By Dylan Ho, Yale-NUS ’17 – See bio
My parents and I were on vacation in Hanoi. It was a fine day, the air was cool. You could see the clear blue sky. My dad and I were chilling out on a bench overlooking the majestic Hoam Kiem Lake (Google it if you want to read about the legend). We were reading books we brought on the trip. It wasn’t quiet per say, because the busy road was behind us. But if you could drown that out, and you tried very hard, you could hear a few birds. And as they say in Chinese, 心静自然凉, which means, “When the mind is still, you will be calm, cool and collected.”
A young boy no older than 13 years approached us. He was wearing a simple T-shirt and shorts and sandals. He looked bright and alert. On his back, however, he was carrying about 100 books strapped up in a harness. Anybody who has been to Southeast Asia should know what was about to happen. The boy was trying to sell us books. There are a lot of street-side “vendors” in Vietnam who carry their shops on their backs. There are old ladies who sell Phở, baguette sandwiches and fried foods on the roadside. Others sell footwear and sunglasses and offer to polish your shoes. It isn’t an uncommon sight.
Boy: “Good day sirs, do you want to buy book? I have storybook, travel guide, photo book…”
He started expertly pulling books from his side to show us, including classics by Charles Dickens, Jane Austen and Joseph Heller. He had guides to Hanoi, London and Australia. He also had photography books to show us.
My dad politely dismissed him. But the boy knew his target audience. Both my dad and I were reading books, big ones with small font. We both wore thick spectacles and baggy pants and looked unmistakably nerdy. These are the exact kind of people who would buy books, right?
He deftly pulled more books from his back. Among them was one book I remember, “The Sorrow of War” by Bao Ninh.
B: “You should read this one, it is about the Vietnam war. It is very good.”
My dad humored him. He took the book, read the blurb and flipped through the pages.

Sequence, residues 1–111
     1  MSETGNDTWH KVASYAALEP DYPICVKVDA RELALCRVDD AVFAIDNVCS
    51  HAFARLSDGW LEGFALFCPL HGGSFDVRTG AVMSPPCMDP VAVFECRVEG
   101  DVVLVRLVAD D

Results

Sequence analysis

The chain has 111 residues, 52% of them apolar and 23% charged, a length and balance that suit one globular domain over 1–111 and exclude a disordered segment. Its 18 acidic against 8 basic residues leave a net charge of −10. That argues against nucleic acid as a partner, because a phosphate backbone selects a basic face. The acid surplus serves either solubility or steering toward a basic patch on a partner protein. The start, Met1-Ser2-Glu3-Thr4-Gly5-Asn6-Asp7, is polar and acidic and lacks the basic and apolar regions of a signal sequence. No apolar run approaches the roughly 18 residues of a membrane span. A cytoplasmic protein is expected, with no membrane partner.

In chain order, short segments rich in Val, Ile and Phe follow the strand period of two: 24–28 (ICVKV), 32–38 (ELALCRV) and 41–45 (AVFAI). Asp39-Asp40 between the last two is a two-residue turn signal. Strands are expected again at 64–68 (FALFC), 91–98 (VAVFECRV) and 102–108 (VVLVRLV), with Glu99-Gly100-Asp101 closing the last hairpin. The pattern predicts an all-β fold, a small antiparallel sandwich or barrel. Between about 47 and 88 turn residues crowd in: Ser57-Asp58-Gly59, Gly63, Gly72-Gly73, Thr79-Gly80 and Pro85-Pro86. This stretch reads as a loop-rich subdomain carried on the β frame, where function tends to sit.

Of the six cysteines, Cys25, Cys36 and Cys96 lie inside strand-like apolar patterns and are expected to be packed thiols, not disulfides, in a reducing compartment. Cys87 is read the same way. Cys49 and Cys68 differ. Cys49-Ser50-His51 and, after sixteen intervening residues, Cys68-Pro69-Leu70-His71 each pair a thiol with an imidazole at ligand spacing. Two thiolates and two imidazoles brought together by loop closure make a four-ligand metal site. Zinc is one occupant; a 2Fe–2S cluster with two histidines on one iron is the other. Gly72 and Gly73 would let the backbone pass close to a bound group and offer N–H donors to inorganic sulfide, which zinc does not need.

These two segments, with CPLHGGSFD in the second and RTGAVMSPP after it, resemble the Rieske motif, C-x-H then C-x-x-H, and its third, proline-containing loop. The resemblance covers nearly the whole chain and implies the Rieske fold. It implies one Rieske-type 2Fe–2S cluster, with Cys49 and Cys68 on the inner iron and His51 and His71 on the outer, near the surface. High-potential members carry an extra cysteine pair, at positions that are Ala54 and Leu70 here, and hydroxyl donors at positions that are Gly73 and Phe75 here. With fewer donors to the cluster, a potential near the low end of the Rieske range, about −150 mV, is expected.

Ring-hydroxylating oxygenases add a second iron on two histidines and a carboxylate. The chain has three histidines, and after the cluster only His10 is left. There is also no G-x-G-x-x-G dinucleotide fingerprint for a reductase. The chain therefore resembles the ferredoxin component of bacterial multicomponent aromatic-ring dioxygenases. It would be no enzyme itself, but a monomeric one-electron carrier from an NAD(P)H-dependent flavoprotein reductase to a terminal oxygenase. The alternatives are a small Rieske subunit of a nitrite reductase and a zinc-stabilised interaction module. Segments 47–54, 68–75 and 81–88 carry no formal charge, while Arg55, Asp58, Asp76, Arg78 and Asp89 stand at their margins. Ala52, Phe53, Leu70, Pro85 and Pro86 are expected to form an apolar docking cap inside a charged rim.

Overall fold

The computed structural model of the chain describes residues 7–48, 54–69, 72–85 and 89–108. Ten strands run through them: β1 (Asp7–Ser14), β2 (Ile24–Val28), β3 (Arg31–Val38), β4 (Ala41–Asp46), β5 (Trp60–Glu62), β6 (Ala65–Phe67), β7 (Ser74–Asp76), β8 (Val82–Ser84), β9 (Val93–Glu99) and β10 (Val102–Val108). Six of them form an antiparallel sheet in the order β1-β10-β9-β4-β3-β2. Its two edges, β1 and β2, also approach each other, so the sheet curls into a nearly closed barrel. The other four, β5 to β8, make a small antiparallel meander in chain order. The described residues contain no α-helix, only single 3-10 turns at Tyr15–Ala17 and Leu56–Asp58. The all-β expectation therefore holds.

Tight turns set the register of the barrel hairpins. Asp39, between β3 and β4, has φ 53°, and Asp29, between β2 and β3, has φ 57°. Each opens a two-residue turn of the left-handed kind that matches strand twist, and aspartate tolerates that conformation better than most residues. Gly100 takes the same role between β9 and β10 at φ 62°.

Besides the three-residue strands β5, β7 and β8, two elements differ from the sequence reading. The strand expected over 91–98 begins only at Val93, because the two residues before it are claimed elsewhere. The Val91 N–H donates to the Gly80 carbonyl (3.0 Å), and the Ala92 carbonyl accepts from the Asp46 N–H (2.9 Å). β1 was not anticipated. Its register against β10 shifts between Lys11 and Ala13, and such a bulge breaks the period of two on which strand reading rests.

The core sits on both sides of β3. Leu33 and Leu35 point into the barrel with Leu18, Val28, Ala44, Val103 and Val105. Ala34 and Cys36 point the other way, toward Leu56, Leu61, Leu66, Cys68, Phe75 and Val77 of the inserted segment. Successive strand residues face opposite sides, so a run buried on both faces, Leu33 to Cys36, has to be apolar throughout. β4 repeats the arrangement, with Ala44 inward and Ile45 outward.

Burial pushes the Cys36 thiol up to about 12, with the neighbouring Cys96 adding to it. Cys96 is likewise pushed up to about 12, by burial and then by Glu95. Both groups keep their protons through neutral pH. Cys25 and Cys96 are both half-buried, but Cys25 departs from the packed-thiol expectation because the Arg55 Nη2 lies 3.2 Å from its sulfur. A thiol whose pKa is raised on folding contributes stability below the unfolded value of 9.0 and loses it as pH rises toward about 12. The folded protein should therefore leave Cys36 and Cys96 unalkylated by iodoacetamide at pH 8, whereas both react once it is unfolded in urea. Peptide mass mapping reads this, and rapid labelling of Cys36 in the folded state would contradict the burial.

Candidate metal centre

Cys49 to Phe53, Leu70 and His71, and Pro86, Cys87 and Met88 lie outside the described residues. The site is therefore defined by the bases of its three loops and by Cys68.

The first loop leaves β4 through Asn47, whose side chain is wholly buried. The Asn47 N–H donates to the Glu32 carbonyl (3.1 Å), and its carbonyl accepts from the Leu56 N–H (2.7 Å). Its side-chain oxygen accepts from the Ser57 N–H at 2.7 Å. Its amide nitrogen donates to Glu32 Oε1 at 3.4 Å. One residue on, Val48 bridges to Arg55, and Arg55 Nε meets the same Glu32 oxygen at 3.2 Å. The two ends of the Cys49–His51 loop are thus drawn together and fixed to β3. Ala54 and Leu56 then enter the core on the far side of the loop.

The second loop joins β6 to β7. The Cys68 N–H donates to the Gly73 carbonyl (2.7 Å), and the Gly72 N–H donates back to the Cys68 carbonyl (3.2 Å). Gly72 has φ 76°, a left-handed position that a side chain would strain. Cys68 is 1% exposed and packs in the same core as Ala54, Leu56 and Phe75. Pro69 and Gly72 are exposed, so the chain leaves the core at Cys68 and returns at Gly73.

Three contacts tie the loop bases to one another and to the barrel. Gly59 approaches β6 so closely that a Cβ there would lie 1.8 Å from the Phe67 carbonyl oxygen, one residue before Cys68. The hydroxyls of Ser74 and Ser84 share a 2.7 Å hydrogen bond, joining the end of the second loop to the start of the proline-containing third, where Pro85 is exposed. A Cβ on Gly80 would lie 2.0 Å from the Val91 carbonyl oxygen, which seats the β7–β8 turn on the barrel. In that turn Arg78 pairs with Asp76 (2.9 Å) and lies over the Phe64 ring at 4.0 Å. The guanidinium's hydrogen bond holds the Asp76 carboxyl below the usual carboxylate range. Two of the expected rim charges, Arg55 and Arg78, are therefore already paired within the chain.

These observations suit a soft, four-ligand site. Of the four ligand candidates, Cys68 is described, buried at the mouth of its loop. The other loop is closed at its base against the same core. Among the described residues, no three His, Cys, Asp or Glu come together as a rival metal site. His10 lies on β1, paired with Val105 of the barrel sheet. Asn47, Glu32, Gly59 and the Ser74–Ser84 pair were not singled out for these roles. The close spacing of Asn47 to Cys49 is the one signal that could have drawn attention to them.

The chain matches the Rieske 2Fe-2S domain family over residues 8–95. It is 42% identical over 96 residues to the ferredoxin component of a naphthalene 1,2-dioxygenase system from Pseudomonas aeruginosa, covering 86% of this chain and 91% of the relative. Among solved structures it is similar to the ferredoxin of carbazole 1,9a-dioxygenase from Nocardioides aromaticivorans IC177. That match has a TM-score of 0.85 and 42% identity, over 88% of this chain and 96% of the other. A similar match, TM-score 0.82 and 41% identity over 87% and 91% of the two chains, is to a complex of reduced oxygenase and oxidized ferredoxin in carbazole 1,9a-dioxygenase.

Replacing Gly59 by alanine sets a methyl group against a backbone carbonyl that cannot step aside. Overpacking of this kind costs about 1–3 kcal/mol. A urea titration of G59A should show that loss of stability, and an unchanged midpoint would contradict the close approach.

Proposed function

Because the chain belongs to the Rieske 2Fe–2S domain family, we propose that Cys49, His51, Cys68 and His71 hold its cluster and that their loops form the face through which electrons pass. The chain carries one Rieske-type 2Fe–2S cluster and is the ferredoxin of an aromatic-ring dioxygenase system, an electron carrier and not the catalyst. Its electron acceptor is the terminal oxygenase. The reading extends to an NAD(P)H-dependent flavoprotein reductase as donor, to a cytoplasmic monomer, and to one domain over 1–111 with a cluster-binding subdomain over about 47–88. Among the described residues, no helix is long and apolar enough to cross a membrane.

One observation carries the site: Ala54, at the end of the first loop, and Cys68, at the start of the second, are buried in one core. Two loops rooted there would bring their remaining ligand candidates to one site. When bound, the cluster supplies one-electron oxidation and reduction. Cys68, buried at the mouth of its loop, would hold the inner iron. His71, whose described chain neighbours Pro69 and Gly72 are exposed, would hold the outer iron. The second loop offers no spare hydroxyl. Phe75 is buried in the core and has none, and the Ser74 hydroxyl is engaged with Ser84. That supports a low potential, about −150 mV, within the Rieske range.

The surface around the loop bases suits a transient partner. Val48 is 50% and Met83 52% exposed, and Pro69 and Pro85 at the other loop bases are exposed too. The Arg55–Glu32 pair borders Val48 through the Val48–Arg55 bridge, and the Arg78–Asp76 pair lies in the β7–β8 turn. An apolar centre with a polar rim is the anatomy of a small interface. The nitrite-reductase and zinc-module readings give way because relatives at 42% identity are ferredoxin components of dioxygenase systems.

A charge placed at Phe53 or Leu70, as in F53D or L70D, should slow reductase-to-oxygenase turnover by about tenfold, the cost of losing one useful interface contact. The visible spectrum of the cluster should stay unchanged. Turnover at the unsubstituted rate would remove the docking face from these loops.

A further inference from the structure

Dad: “I’ve read many books like this before. It’s okay, I don’t want this.”
B: “Please buy something. I have 3 young siblings to feed. I’ll sell you good price, very cheap. How much you want, just say.”
D: “This book is a fake. It’s photocopied[i], not good.”
B: “No! Still can read. Please help me. I have hungry family.”
It was a weekday, a school day. The boy was clearly bright and hardworking, yet he had skipped school to supplement his family’s income.
D: “Okay, you are a very bright boy. And your English is very good. I don’t want your book. I already have a lot at home. Please take this money.”
My dad took $5 USD and handed it to him.
The boy looked at the note and became very angry.
B: “No. I do not want your charity. I am not a beggar. If you want to buy the book, you can buy it. But I don’t need your pity.”
My dad and I were taken aback. We hadn’t expected this.
D: “We’ll buy the book.”
My dad took out $30 and handed it to him.
When the boy saw the money he was shocked.
“This is too much! Do you want another book? Maybe travel guides?”
“No it’s okay. Thank you.”
As we walked off, my dad turned to me and said, “Dylan, these people may be poor, but they live a good, honest, hardworking life, and that’s the most important thing, Dylan. Don’t forget that.”
[i] Photocopied books are commonly sold in Southeast Asian countries